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Guaranty Trust Co. v. First National Iron Bank of Morristown

Decided: November 5, 1951.

GUARANTY TRUST COMPANY OF NEW YORK, EXECUTOR AND TRUSTEE UNDER LAST WILL AND TESTAMENT OF MAX GOEBEL, DECEASED, PLAINTIFF-RESPONDENT,
v.
THE FIRST NATIONAL IRON BANK OF MORRISTOWN, EXECUTOR UNDER LAST WILL AND TESTAMENT OF CARRIE HAMMANN, DECEASED, ET ALS., DEFENDANTS-APPELLANTS, AND J. HOWARD MCGRATH, ATTORNEY-GENERAL OF THE UNITED STATES, ET ALS., DEFENDANTS-RESPONDENTS



On appeal from a judgment of the Superior Court, Chancery Division, entered on order of Judge Stanton who filed the following opinion.

For affirmance -- Chief Justice Vanderbilt and Justices Oliphant, Wachenfeld and Ackerson. For reversal -- Justices Case and Burling.

Per Curiam

[8 NJ Page 113] "Max Goebel, then 81 years old, made his last will on July 2, 1929. On the same day he entered into a written agreement

with North American Iron Works, Inc., which will be referred to as the company, and all the other stockholders therein, Nathan Michelman, Matthew J. Moroney and Carl Fiedler. At that time testator held 35 per centum of the common stock, 100 per centum of the first preferred stock and about 93 per centum of the second preferred stock of the company. It was also indebted to him in the approximate amount of $140,000, part of which was past due. The primary design of the contract was, in its own language, to bestow leniency upon the company in meeting its obligations after his death; and in return the company was to pay his estate by way of interest and dividends at least $6,000 per annum; and the contract was to continue as long as it was performed by the company and the stockholders and as long as Moroney and Fiedler or the survivor of them were actively engaged in the business of the company.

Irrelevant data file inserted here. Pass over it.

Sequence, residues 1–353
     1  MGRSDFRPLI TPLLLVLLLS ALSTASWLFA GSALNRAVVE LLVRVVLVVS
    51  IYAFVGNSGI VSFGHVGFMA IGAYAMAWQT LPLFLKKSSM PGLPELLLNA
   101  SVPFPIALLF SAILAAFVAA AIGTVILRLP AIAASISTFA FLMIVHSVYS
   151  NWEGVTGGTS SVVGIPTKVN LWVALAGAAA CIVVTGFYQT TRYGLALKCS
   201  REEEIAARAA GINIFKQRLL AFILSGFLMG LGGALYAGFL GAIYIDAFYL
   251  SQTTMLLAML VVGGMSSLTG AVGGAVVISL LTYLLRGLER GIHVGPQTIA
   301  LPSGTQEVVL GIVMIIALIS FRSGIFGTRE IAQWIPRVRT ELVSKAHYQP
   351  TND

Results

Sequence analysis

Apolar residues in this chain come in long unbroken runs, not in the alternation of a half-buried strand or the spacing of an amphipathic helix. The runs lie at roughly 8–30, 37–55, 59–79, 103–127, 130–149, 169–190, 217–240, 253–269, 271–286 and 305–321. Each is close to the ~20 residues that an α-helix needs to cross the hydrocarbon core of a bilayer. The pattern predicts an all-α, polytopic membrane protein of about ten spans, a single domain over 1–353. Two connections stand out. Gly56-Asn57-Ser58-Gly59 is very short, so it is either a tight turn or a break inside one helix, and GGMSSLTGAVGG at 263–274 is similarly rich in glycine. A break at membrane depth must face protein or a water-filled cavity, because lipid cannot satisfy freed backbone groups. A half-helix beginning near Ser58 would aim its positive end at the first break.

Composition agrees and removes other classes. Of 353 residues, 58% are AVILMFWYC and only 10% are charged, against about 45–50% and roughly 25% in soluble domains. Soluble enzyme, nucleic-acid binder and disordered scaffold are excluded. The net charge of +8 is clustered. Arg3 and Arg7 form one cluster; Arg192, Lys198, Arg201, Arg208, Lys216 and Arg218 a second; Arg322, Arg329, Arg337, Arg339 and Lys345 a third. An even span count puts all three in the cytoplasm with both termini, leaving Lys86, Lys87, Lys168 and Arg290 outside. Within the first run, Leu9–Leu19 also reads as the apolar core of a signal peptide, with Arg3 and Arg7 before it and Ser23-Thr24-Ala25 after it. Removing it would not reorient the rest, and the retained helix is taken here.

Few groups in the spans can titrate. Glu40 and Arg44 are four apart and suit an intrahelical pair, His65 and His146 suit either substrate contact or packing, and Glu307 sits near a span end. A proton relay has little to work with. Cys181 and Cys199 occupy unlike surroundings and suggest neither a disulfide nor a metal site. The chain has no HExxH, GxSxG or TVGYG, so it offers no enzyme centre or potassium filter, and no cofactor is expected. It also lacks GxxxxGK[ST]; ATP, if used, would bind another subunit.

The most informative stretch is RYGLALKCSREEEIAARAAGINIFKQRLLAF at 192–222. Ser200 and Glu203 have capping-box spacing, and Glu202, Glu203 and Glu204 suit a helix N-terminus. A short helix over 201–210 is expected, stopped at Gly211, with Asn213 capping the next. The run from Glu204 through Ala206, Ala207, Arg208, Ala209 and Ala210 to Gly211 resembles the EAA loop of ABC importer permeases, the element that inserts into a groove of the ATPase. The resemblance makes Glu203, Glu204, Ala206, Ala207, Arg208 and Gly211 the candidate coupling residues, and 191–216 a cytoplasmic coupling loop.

"Testator died on April 8, 1930, and plaintiff qualified as his executor and trustee. The business of the company, apparently not very prosperous at the time of the contract, suffered as a consequence of the great depression which began soon after his death; but at the time he made his will he evidently considered that his interest in the company was valuable and substantial.

"In the fall of 1931 testator's interest in the company was sold to Michelman for $40,000, of which $10,000 was paid in cash and the balance was to be paid in monthly installments of $500 each. Only $2,000 was paid on the balance and the company was adjudged bankrupt in September, 1933, and Michelman the following February; no dividend was paid by the estate of either. The gross inventory value of decedent's estate, in which the stock and credit interest in the company was set at $40,000, was approximately $100,000. After the deduction of debts and administration expenses the balance was slightly more than $65,000. Following the bankruptcies this latter amount was reduced by loss of $28,000 on the Michelman notes. Annually during the period between 1934 and 1950, the trustee placed an approximate valuation on